Behavioral Science Lab
The laboratory focuses on physical activity behavior, primarily in the pediatric population. Recent studies have focused on identifying and better understanding several factors that influence physical activity behavior in children such as; peer relationships, physically interactive gaming and manipulating the variety of exercise options. These studies combine aspects of exercise science, psychology and physiology in an effort to elucidate the complex nature of why some children are very active while others are sedentary.
The lab is presently equipped to perform a wide array of measures including, but not limited to; exercise tests, anthropometric measures, and assessments of relative reinforcing (motivating) value. Nearby gymnasium space is also regularly utilized to re-create a naturalistic physical activity environment for participants.
Learn more about the Behavioral Science Lab from Dr. Jacob Barkley.
What is the role of peer influence on physical activity?
Assessing the impact of ostracism on physical activity behavior in eight to 12 year old children as well as determining the effect the presence of a friend has on physical activity behavior in young children (four to six years of age).
How do electronic devices influence physical activity?
Examining the potential impact of the use of mobile electronic devices (e.g., cellular telephones, tablet computers) on a variety of health behaviors and outcomes such as: physical activity, planned exercise, sedentary behavior, sleep, anxiety, depression and overall quality of life.
Does the efficacy of pain management influence physical activity?
A collaborative line of studies with a local medical group examining how pain intervention therapies, medical devices and medications affect physical activity behavior in patients with chronic pain disorders (e.g., failed back surgery syndrome). We are most interested in assessing whether or not changes in physical activity behavior are related to the efficacy of pain management.
Does parent behavior provide a cue for physical activity?
Examining the causal impact of parental influence on their children's physical activity behavior. Many studies have demonstrated a relationship between parental physical activity and that of their child. However, there is a paucity of experimental data examining whether or not parents can cause a change in their children's physical activity through simple behavioral cues (e.g., direct supervision, co-participation). We are working to fill these gaps.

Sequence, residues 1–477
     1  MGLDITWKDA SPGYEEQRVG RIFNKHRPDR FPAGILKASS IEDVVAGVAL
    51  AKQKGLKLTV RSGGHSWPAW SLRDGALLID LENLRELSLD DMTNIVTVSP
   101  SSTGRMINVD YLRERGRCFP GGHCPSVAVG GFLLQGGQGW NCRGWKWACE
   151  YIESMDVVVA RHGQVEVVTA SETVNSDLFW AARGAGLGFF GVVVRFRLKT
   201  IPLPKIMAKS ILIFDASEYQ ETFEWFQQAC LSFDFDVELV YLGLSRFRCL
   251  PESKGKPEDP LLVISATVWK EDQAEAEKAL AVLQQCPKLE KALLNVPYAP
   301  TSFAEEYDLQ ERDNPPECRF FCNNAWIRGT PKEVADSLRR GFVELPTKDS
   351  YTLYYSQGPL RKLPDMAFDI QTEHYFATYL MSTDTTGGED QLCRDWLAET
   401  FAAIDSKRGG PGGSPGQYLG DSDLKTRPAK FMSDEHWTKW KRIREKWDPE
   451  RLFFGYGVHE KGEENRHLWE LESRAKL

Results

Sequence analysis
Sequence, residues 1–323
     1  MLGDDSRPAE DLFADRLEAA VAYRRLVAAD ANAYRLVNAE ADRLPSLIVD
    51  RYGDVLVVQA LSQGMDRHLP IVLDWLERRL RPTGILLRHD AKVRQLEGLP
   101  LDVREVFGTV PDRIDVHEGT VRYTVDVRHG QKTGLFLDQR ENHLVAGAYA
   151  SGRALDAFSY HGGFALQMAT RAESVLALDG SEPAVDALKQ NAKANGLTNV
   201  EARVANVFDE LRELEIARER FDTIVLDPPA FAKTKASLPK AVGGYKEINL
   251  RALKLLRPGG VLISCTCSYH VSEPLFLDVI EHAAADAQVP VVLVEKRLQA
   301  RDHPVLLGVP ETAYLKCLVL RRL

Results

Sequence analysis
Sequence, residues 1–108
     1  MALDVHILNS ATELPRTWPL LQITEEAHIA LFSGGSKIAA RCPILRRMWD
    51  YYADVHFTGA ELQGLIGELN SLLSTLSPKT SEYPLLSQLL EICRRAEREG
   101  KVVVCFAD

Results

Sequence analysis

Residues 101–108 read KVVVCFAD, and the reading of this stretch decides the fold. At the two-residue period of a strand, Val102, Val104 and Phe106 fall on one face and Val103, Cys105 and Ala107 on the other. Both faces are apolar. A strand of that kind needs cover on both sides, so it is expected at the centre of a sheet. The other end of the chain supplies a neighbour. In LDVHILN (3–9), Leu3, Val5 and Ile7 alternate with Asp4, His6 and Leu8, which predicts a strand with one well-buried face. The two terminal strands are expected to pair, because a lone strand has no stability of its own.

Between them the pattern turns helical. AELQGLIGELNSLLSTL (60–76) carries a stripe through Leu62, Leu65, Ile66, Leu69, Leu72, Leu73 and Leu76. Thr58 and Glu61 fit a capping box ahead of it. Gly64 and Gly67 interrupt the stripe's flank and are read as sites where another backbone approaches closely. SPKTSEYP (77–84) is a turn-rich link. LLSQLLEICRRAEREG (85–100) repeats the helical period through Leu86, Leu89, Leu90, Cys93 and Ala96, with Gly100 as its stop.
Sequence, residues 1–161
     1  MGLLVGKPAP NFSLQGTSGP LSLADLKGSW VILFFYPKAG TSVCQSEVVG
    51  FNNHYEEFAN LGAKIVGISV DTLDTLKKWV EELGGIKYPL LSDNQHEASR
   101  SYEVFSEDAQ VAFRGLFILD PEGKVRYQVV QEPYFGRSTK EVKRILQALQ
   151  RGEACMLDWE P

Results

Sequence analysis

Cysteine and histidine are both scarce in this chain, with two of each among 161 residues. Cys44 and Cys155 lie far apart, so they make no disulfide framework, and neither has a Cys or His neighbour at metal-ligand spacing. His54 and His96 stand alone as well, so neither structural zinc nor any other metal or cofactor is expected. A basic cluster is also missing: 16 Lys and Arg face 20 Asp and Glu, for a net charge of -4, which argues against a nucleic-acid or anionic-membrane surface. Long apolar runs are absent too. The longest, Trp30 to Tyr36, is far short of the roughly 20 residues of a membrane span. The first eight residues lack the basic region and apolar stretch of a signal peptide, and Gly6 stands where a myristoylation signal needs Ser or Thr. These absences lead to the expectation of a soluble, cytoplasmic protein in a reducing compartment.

Dr. Barkley's research training is in pediatric exercise physiology and behavioral medicine. His current research focuses on factors that affect a child's motivation to participate in physical activity. This includes examining the effects of variety, peer influence and adiposity on the decision to participate in physical or sedentary activities. He also has an interest in biostatistics and research design.
- Frank, M., A. Flynn, G. Farnell and J.E. Barkley (2018) The differences in physical activity levels in preschool children during Free Play recess and Structured Play recess. Journal of Exercise Science and Fitness 16(1): 37-42
- Kobak, M.S., A. Lepp, M.J. Rebold, H. Faulkner, S. Martin, and J.E. Barkley (2018) The presence of an internet-connected mobile tablet computer reduces physical activity and increases sedentary behavior in children. Pediatric Exercise Science 30(1): 150-156.
- Carnes A.J., E. Glickman, and J.E. Barkley (2017) Sex Differences in the Effect of peer influence on submaximal running in recreational runners. Journal of Sport Behavior, 40(4): 347-361.
- Barkley, J.E., A. Lepp, and E. Glickman (2017) “Pokémon Go!” may promote walking, discourage sedentary behavior in college students. Games for Health Journal 6(3): 165-170.
- Sanders, G.J, J. Juvancic-Heltzel, M.L. Williamson, J.N. Roemmich, D.M. Feda, and J.E. Barkley (2016) The effect of increasing autonomy through choice on young children’s physical activity behavior. Journal of Physical Activity and Health. 13: 428-432.
- Barkley, J.E., and A. Lepp (2016) Cellular telephone use during free-living walking significantly reduces average walking speed. BMC Research Notes 9:195.
- Carnes, A., J.L. Petersen, and J.E. Barkley (2016) The Effect of Peer Influence on Exercise Behavior and Enjoyment in Recreational Runners. Journal of Strength and Conditioning Research. 30(2): 497-503.
- Rebold, M.J., A. Lepp, M.S. Kobak, J. McDaniel, and J.E. Barkley (2016) The Effect of Parental Involvement on Children’s Physical Activity. Journal of Pediatrics 170: 206-210.
- Barkley, J.E., and A. Lepp (2016) Mobile phone use among college students is a sedentary leisure behavior which may interfere with exercise. Computers and Human Behavior. 56: 29-33. (Impact factor: 2.7)
- Barkley, J.E., A. Lepp, and S. Salehi-Esfahani (2016) College students’ mobile telephone use is positively associated with sedentary behavior. American Journal of Lifestyle Medicine. 10(6): 437-441.
If you want to learn more about the Behavioral Science Laboratory, please contact Dr. Barkley at firstname.lastname@example.org or 330-672-2857.